## Three Bit Hacks

### September 5, 2017

We have three problems today that involve twiddling bits. In all three cases you are not permitted to perform any branching operation (so no if-else statement) nor are you permitted to perform a loop; you must write a single statement that performs the requested task:

1) Determine the absolute value of an integer.

2) Determine if an integer is a power of 2.

3) Determine the minimum and maximum of two integers.

The restrictions on branching and loops are useful for modern CPUs that have instruction caches that you want to stay inside for speed.

Your task is to write the three bit hacks described above. When you are finished, you are welcome to read or run a suggested solution, or to post your own solution or discuss the exercise in the comments below.

Pages: 1 2

Here is some bit-twiddling in Scheme (R7RS + SRFI-143) that I don’t

think is ugly.

;; Caveat: Fails for inputs outside range -2^w ... 2^w - 1, where w is

;; the implementation-dependent fx-width (e.g., 30 for my 32-bit

;; Larceny Scheme setup).

;;; Dependencies

(import (scheme base)

(srfi 143))

;;;Absolute value

(define (abs/b n)

(let ((m (fxarithmetic-shift-right n

(- fx-width 1))))

;; If n is nonnegative, then m = 0 and the following are essentially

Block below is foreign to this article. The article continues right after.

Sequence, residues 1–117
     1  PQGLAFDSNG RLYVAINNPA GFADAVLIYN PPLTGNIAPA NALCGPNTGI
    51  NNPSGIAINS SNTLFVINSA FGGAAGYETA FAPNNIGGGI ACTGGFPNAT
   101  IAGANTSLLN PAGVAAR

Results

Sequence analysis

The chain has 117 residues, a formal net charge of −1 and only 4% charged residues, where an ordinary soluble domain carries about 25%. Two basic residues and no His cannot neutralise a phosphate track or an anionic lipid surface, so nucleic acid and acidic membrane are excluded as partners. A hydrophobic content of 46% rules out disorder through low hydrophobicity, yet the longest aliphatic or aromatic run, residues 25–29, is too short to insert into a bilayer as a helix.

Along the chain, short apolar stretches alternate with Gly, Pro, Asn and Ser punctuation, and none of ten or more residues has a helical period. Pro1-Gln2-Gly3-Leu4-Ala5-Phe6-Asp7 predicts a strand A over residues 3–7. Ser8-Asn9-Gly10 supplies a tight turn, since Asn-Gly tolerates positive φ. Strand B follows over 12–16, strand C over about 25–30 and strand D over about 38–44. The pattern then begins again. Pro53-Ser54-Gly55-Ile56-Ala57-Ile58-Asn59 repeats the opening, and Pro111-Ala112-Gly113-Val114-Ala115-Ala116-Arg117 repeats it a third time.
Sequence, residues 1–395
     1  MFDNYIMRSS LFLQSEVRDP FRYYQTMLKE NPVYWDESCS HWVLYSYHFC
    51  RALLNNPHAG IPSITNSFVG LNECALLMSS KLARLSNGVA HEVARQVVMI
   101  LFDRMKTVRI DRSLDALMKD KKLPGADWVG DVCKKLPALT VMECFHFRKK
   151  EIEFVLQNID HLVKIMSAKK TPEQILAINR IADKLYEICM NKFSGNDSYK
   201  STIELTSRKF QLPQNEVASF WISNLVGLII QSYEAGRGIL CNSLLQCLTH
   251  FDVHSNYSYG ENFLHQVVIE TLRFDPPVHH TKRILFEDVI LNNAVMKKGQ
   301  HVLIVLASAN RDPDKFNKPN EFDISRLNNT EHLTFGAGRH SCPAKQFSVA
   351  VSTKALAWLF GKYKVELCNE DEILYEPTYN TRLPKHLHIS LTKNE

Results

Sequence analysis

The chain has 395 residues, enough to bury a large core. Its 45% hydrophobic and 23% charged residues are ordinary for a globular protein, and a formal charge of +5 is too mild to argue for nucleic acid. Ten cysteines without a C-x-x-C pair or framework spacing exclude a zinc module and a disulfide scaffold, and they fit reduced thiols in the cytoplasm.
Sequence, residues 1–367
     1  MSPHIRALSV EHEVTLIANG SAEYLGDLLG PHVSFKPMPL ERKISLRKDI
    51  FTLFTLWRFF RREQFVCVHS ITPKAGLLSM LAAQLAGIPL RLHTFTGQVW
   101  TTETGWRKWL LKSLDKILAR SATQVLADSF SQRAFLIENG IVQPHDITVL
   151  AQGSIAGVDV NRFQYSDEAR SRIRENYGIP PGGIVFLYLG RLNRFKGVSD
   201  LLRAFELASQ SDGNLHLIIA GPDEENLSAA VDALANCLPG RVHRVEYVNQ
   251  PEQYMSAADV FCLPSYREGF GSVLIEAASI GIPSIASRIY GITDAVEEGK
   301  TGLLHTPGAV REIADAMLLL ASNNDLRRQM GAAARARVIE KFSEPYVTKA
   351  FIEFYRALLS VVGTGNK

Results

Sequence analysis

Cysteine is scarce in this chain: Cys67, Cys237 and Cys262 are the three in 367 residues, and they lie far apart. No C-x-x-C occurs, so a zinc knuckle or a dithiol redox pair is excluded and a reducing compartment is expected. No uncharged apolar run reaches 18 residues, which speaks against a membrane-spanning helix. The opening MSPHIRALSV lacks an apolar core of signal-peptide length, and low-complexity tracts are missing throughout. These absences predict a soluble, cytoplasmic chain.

;; two no-ops on n, giving n as result.

;; Otherwise (n is negative), m is bitwise all 1s, (i.e., -1

;; in 2s-complement), so we compute:

;; 1s-complement-of-n - -1 = -n (2s compl.)

(- (fxxor n m)

m)))

;;; Power-of-two predicate

;; n must be a positive integer.

(define (power-of-two/b? n)

;; Iff n is a power of two:

;; n has binary form 00...0100...0 and

;; n - 1 has binary form 00...0011...1

(zero? (fxand n (- n 1))))

;;; Min and max

;; a b -> (min a b) (max a b)

(define (min+max/b a b)

(let* ((a-xor-b (fxxor a b))

(m1 (fxarithmetic-shift-right (- a b)

(- fx-width 1)))

(mask (fxand a-xor-b m1)))

;; m1 is bitwise all 1s iff a < b, and all 0s otherwise.

;; So mask is a-xor-b iff a < b (0 otherwise)

;; Then b xor mask gives b xor a xor b = a if a < b

;; and b xor 0 = b o.w.

;; which is the min of a and b as needed. a xor mask is similar, for max.

(values (fxxor b mask)

(fxxor a mask))))

[Retrying with hopefully better formatting.]

Here is some bit-twiddling in Scheme (R7RS + SRFI-143) that I don’t

think is ugly.

Here’s a solution in x86 assembly. The solution is implemented with functions, so the ret instruction is used, but otherwise there are no branching instructions. The power of two, minimum, and maximum functions use bit twiddling approaches from http://graphics.stanford.edu/~seander/bithacks.html. The absolute value function does not use bit twiddling, but rather calculates abs(x) by multiplying x by 1 for x>=0, and by -1 for x<0. The multiple is calculated without branching [abs(x) = x * (2 * (x>=0) – 1)].

Here’s a C program that calls the functions.

Here’s example usage.

Output:

Here’s a Haskell version.

In Python 3:

Absolute value:

absolute = lambda x:(x, -x)[x < 0]

Test for power of 2 (for x > 0):

isPower2 = lambda x:(False,True)[(x & (x – 1)) == 0]

minimum and maximum of two integers:

minimum = lambda x,y: (x,y)[x – y > 0]

maximum = lambda x,y: (x,y)[x – y < 0]